Dennis Weller, Senior Advisor, Navigant Economics "IP Traffic Exchange; Market Developments and Policy Challenges"
IP Traffic Exchange Market Developments and Policy Challenges BEREC/OECD Workshop Brussels, 2 November 2011 Dennis Weller Navigant Economics email@example.comPage 1
Growth of the Internet» Two billion users» Eightfold traffic growth in five years › Still dramatic, but less than in previous periods» Global extension of the Internet › High rates of growth in eastern Europe and emerging economiesPage 5
Growth in Bandwidth Production by Country and Region » Five-year annualized growth ranges from less than 20% to › 1,470% (Russia) › Over 400% (South Africa, Uganda, Egypt) Annualized percentage growth in domestic Internet bandwidth production, grouped by region, 2005–2010
Geographic Expansion of the Internet » Investment in IXPs (now about 350) » Domestic production capacity promotes economic self-sufficiency » Local IXPs reduce need for “tromboning” of traffic » IXPs provide centers for development of Internet assets within region » 53% of countries, including many LDCs, do not yet have an IXP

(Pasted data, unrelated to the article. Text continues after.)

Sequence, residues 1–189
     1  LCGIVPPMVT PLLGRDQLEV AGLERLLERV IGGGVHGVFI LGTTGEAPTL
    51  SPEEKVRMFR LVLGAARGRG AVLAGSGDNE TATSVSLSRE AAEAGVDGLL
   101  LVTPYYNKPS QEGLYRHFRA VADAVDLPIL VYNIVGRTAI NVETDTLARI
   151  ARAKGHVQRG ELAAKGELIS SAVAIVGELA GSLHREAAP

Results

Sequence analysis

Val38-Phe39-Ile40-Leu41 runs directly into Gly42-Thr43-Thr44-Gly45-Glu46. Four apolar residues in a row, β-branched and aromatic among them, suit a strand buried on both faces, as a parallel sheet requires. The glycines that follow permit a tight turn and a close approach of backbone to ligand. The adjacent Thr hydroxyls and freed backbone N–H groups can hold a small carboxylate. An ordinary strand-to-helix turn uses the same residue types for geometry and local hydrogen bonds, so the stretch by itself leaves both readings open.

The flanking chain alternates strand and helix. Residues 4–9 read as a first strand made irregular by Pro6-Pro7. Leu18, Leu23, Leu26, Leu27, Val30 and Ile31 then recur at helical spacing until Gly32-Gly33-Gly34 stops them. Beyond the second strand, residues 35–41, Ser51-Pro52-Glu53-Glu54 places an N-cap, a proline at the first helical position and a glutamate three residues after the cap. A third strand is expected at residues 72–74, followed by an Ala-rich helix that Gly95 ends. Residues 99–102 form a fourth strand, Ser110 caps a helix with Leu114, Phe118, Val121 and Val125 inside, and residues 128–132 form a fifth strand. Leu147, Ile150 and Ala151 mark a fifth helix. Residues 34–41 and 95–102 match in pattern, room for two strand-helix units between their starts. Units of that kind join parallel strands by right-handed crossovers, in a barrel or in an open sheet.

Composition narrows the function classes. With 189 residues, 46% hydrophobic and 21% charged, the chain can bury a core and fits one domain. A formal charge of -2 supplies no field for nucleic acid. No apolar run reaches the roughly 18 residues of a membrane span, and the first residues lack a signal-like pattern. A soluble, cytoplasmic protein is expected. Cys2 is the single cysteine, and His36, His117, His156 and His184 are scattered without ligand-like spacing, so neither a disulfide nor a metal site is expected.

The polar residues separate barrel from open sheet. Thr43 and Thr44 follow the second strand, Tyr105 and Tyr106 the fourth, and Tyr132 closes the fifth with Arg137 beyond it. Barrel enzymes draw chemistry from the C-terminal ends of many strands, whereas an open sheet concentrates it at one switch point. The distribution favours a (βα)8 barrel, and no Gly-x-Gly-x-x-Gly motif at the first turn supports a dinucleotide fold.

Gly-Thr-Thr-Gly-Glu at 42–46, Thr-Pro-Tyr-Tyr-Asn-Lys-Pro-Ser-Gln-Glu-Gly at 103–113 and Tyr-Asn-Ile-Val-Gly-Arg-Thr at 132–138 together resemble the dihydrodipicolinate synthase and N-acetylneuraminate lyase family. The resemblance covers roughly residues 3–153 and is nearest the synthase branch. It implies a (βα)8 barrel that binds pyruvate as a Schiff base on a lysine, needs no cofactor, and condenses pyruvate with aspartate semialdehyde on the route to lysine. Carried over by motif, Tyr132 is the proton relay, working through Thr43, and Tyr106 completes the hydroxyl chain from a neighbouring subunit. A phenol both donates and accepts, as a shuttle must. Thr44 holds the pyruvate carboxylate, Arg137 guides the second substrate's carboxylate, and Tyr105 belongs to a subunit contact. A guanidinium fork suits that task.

Well-Understood and Accepted Norms for Peering » A survey of 142,210 peering agreements was conducted for the OECD report. » 86% of Internet carriers represented, in 96 countries, including all of OECD » 99.51% of agreements required no written contract » 99.73% had symmetric terms » High prevalence of multilateral agreements » US, Canada, Japan, Singapore were most often selected governing jurisdictions
Performance of the Market» Low prices › Wholesale transit at USD 2-3 per megabit per second per month › Rate varies by distance from IXPs and by volume purchased › Equivalent to USD 0.0000004 per voice minute › Roughly constant since 2006: supply/demand ratio worsening at the same time that technological progress drives some input costs down» Universal connectivity with relatively sparse agreements › Less than 1% of a full mesh › Average AS-path length is currently 4.3 › Maximum AS-path length, corrected for prepending, is currently 12.